Maternal blood test may predict birth complications - study
A blood test commonly used to detect foetal genetic abnormalities may help predict complications associated with pregnancy before symptoms develop, say researchers, including one of Indian-origin.
The study, published in the journal Epigenetics, links certain cell-free DNA signatures to adverse outcomes in pregnancy, including ischemic placental disease and gestational diabetes.
The findings are the first to show that genetic material shed from the placenta into the mother's blood (circulating cell-free nucleic acids) during the first trimester of pregnancy could potentially be used to predict these potentially serious complications.
Although the analysis of genetic material in the mother's blood has been used to screen for genetic abnormalities in a pregnancy, this is the first time these specific methods have been used as a way of a more accurate prediction.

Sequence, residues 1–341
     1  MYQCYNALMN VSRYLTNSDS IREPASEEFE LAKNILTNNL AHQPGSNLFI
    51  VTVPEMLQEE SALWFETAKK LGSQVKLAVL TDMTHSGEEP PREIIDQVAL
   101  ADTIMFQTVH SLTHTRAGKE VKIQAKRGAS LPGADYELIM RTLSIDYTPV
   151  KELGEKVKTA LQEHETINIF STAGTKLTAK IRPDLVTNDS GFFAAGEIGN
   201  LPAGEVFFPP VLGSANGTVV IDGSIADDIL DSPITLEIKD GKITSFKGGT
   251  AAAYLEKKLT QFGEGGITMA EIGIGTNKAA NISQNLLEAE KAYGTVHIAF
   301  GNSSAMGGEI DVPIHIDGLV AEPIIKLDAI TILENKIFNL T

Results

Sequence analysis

"Our research points to a promising approach that could improve outcomes for mothers and their babies using existing technologies," said study lead author Sherin Devaskar from the University of California, Los Angeles in the US.
"If confirmed in larger studies, cell-free DNA blood tests may help identify issues in the placenta as an indicator of a healthy mother and foetus," Devaskar added.
For the study, the researchers followed a diverse group of pregnant women between February 2017 and January 2019, testing their blood periodically throughout gestation.
By the end of the study, 160 participants had given birth, with 102 maternal and 25 cord plasma samples were taken along the way.
They found that during the first-to-early second trimester, placenta-specific DNA increased among those women who went on to develop gestational diabetes.
They also identified several differentially expressed genes and were able to create a model with a predictive value for adverse pregnancy outcomes.
"The novelty of this research is being able to break down a mother's DNA and be able to hone in on the health of the placenta - something that researchers have never been able to do before," said Devaskar.
"This research warrants application of automated methodologies in multi-centre trials to improve future testing and screening for all women," she noted.